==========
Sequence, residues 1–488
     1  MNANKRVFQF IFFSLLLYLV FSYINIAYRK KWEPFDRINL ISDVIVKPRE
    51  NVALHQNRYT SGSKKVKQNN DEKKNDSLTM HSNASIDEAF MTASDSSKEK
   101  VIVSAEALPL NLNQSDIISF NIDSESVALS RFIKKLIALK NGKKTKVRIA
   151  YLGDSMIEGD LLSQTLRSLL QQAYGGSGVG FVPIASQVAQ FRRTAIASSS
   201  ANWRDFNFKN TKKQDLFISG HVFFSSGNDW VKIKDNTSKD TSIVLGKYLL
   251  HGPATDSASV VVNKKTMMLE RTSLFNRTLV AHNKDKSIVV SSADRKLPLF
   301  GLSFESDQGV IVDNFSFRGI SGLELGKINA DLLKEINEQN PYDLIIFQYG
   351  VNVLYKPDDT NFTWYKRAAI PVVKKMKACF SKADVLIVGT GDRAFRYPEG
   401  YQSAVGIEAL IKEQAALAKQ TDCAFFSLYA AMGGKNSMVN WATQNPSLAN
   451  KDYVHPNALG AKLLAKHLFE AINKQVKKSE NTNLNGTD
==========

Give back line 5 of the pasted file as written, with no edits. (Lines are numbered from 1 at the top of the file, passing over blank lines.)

   151  YLGDSMIEGD LLSQTLRSLL QQAYGGSGVG FVPIASQVAQ FRRTAIASSS